After I’d calmed down a little she sent me to my room to lay down and went to get my dad to help her. Head hanging, still crying, I went downstairs, fell on my bed and hugged our dog, Molly. I couldn’t stop the tears. “What is wrong with me? Why is this happening? I’m so dumb! I can’t even do something so easy I used to be able to do it without thinking. I want to be me again! Where did I go? God, where did I go?” I asked Molly. She didn’t have an answer but she did kiss me and snuggle with me, offering comfort and love. I tried to concentrate on her and not on the fact that I no longer felt like myself.
It took me a long time to quit crying and calm down. As I did it became clear to me that embarrassment, frustration, and anger about my problems were controlling my emotions. I’d never known or understood that before, especially the embarrassment part of it.
My brain moves in slow motion. Things that should be easy are very hard. I don’t know how to be myself anymore. I’m lost.
I’m under the care of a doctor and a neurologist. I’ve been in physical therapy for my neck and shoulder and recently switched to treatment for balance problems. According to them, when I close my eyes, like when I wash my hair, or even with them open and turn my head, my brain loses track of where I am in space causing me to loose my balance or get dizzy or feel wobbly. This also happens when I’m in an enclosed space like a stairway.
It can happen randomly as well. I was outside trying to potty Molly. Golden colored leaves had been falling for a couple of days. She stomped happily through them, enjoying the crinkly fun. As I turned to follow her–my eyes were focused on the ground because Molly is tiny–the leaves swirled against the dark ground. Dizziness swamped me, I started to fall, stumbled and grabbed the picnic table. If not for it, I would have fallen again.
The end of July, I was in the kitchen helping make dinner when the vision in the outside corner of my right eye went dark and blurry and in the center of my vision I saw bright white explosions. I immediately felt sick and dizzy. My dad took me to the E.R. Thank God it wasn’t a stroke. Just post-concussion syndrome stuff is what the ER doctor told me after a specialist studied my cat scan to confirm what had caused the episode. I get how lucky I was not to have had a stroke. On the other hand, this was just one more, new, not fun problem caused by my fall.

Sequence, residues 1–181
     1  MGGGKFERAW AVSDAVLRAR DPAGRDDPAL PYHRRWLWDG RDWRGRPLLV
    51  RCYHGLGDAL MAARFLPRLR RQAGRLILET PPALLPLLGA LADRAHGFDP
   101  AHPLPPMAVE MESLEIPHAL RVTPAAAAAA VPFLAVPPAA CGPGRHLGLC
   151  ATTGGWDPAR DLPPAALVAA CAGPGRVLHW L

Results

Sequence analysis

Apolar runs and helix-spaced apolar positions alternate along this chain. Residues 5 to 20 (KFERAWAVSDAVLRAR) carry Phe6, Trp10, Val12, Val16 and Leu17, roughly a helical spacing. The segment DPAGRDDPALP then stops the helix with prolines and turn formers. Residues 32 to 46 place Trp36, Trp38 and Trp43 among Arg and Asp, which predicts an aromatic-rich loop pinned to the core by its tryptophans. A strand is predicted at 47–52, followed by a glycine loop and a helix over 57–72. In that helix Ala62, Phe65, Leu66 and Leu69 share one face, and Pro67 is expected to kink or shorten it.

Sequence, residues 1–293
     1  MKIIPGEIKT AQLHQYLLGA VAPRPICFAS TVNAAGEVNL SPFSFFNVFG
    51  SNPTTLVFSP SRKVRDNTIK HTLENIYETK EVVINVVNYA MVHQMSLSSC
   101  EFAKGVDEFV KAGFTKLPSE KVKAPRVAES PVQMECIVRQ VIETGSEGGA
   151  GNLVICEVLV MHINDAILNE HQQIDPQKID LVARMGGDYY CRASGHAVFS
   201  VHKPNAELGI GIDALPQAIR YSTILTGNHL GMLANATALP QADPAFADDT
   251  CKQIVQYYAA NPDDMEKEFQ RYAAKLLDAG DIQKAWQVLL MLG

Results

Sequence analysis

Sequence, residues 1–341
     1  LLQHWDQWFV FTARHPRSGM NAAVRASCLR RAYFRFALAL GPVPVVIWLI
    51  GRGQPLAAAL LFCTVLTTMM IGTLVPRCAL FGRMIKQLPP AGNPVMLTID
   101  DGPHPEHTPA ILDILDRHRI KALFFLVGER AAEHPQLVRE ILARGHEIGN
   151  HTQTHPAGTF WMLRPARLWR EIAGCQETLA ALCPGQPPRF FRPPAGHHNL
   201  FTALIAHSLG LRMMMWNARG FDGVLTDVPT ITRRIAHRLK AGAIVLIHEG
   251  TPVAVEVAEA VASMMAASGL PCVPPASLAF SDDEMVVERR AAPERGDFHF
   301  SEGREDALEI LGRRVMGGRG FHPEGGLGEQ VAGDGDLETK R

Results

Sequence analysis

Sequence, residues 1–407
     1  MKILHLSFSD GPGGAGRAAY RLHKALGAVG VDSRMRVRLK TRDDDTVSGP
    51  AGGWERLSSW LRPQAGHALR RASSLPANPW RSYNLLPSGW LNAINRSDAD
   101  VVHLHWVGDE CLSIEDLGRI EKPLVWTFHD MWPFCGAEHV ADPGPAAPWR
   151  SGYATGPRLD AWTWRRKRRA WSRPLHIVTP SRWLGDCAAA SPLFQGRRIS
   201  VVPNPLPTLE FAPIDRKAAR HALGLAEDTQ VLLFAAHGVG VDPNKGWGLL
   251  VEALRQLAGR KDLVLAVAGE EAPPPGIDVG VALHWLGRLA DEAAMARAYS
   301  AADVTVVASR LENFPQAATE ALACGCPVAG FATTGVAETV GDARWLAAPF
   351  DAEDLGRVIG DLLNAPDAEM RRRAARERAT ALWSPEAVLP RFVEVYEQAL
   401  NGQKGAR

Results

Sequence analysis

I’m also seeing a speech therapist. She’s helping me with short-term memory, word retrieval, and problem-solving skills. I’m a writer who can’t think of words and when I am able to write, can’t remember what I wrote twenty minutes ago.
What Happened To Me
A week after the cheese incident I began working with a neuropsychologist. I had no idea what to expect, I was nervous and scared. I still am.
Will I ever be me again?!
It’s been nine months since I got tangled in our dog Meg’s lead, got pulled off my feet, and landed with my full body weight on the back right side of my head–on concrete.
I barely remember the incident. I have a clear memory of right up to looking down at my feet and thinking I needed to get untangled. Then I woke up on the cement looking at a dark and starry sky. My mom is adamant this happened in the afternoon. Because of the Looney Toons cartoons I always thought seeing stars meant three of them circling your head. It’s so bizarre that the entire sky was star filled. I only know what day it happened because I was super excited about the Super Bowl in two days, my favorite team was playing. The rest of February and half of March are a vague blur. Right after–excuse me.
I’m back now. The phone rang–a wrong number. And now I’ve forgotten what I was going to say and where I was going with this post.